The Pet Animals Act 1951 (as amended in 1983) - protects the welfare of animals sold as pets. The Act requires any person keeping a pet shop to be licensed by the local authority. Before granting a licence the local authority must be satisfied that the animals are kept in accommodation that is both suitable and clean; that they are supplied with appropriate food and drink; and are adequately protected from disease and fire. The local authority may attach any conditions to the licence, may inspect the licensed premises at all reasonable times and may refuse a licence if the conditions at the premises are unsatisfactory or if the terms of the licence are not being complied with.

Local authorities are responsible for enforcing the law in this area and anyone who has reason to believe that a pet shop is keeping animals in inadequate conditions should raise the matter with the local authority who will decide what action to take within the range of its powers.

Under s.2 pets cannot be sold in the street, including on barrows and markets.

Animal Boarding Establishments Act 1963 – establishments where the boarding of animals is being carried on as a business are subject to the 1963 Act, which requires such establishments to be licensed by the local authority. For the purpose of this Act the keeping of such establishments is defined as the carrying on at any premises, including a private dwelling, of a business of providing accommodation for other people’s cats and dogs.

The licence is granted at the discretion of the local authority which may take into account the suitability of the accommodation and whether the animals are well fed, exercised and protected from disease and fire.

Riding Establishments Act 1964 and 1970 - riding establishments are licensed by local authorities under the 1964 Act. The local authority can impose conditions on the licence. The local authority, in the exercise of its discretion, may take into account the suitability of the applicant/manager, the accommodation and pasture, adequacy of the provision for the horses’ health, welfare and exercise, precautions against fire and disease and the suitability of the horses as regards the reasons for which they are kept.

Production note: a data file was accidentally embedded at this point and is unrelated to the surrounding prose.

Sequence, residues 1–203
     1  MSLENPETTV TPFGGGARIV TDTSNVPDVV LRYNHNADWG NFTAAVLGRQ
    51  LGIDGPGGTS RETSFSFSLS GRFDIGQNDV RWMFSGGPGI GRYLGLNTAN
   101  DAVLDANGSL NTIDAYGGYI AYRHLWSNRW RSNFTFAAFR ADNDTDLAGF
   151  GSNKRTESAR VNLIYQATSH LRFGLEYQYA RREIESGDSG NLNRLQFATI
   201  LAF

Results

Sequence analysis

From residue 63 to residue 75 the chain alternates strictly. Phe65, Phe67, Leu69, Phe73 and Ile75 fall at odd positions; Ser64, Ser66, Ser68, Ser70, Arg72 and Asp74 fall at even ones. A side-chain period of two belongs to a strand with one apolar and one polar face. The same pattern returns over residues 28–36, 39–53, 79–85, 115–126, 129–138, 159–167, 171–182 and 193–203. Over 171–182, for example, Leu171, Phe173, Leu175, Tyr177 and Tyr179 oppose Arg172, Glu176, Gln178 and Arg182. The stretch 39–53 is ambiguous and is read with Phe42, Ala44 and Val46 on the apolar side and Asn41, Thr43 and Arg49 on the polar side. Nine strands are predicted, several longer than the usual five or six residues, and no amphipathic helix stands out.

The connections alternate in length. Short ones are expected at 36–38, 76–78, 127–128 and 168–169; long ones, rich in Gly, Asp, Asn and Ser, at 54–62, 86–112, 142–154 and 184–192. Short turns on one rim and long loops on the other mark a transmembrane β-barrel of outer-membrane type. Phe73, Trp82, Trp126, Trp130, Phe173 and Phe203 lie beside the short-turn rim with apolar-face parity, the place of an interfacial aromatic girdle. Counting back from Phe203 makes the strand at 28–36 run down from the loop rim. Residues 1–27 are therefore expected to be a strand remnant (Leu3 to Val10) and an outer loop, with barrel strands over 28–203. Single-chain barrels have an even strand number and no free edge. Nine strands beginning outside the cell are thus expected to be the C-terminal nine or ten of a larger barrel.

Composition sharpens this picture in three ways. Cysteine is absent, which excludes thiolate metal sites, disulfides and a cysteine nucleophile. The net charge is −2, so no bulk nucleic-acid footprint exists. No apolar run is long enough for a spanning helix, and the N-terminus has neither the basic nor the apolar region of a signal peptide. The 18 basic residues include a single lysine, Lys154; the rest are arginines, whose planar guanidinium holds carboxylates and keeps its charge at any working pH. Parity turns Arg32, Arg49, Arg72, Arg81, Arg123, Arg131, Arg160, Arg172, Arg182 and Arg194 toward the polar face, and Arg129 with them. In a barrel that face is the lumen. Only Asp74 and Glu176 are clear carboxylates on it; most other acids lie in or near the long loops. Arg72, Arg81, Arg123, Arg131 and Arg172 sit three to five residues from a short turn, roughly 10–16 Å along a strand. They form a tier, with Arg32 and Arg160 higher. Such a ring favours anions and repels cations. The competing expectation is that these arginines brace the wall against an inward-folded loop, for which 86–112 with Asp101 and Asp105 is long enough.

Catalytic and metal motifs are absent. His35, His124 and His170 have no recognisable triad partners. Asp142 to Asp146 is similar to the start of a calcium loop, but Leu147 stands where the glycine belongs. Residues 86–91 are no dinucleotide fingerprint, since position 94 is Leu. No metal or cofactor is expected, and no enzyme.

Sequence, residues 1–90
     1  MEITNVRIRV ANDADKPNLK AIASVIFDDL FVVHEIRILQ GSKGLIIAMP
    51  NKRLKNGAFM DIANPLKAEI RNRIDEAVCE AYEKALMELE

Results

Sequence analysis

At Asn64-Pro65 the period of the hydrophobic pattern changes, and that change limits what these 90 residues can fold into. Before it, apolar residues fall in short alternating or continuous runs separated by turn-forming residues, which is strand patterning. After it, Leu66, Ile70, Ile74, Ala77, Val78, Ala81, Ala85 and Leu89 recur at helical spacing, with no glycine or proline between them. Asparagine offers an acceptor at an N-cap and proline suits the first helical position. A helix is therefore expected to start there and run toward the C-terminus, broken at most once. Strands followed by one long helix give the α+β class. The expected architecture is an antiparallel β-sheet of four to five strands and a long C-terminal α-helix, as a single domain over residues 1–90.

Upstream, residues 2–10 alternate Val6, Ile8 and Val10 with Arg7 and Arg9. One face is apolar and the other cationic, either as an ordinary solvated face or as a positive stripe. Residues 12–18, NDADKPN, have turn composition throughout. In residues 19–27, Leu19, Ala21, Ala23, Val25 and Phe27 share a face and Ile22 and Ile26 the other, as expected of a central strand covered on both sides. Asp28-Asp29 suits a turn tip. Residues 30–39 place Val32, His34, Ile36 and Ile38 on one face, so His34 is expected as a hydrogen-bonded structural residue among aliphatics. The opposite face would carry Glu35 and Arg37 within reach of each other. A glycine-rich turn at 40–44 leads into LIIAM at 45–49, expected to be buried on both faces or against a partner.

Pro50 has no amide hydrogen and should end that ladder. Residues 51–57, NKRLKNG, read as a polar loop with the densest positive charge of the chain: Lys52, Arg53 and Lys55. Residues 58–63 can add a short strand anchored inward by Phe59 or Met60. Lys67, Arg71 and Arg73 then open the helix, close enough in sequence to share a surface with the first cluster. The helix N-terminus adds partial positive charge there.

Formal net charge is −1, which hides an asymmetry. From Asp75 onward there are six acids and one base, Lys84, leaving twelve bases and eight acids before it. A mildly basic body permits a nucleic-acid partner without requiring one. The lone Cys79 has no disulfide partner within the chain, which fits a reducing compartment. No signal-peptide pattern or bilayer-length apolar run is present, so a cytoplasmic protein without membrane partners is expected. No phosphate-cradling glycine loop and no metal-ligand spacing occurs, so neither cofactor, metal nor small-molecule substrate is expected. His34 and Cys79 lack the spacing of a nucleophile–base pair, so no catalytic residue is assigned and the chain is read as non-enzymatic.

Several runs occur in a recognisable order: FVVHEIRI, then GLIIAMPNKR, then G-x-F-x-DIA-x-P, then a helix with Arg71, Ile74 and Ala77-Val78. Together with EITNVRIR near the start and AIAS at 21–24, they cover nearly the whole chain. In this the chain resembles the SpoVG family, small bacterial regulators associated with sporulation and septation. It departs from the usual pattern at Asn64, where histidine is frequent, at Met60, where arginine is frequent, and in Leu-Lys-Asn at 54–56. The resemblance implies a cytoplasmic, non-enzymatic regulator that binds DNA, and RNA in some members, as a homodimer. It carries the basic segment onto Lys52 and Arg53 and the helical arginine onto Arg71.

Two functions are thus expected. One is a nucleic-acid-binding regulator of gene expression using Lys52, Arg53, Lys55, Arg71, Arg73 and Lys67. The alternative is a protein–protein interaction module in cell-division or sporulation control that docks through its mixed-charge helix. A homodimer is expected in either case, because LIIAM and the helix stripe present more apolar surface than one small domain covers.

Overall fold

Breeding and Sale of Dogs (Welfare) Act 1999, Breeding of Dogs Act 1991 and Breeding of Dogs Act 1973 – the Breeding and Sale of Dogs (Welfare) Act 1999, which amended and extended the provisions of the Breeding of Dogs Act 1973 and the Breeding of Dogs Act 1991, already provides protection for dogs used in breeding establishments. Under this legislation, any person who keeps a breeding establishment for dogs at any premises and carries on at those premises a business of breeding dogs for sale must obtain a licence from the local authority. Those people who are not in the business of breeding dogs for sale, so called “hobby breeders”, and produce less than five litters in any period of 12 months do not need to obtain a licence.

The local authority has the discretion whether to grant a licence and, before doing so, must satisfy itself that the animals are provided with suitable accommodation, food, water and bedding material; are adequately exercised and visited at suitable intervals; and that all reasonable precautions are taken to prevent and control the spread of diseases amongst dogs. Local authorities are responsible for enforcing the legislation. In addition to ensuring that dogs are kept in suitable accommodation, the law also places limits on the frequency and timing of breeding from a bitch. Bitches cannot be mated before they are a year old, must have no more than six litters in a lifetime and can only have one litter every 12 months. Breeding records must be kept to ensure that these requirements are adhered to. Puppies that are produced at licensed breeding establishments can only be sold at those premises or a licensed pet shop.

Further information

Page last modified: 30 December 2010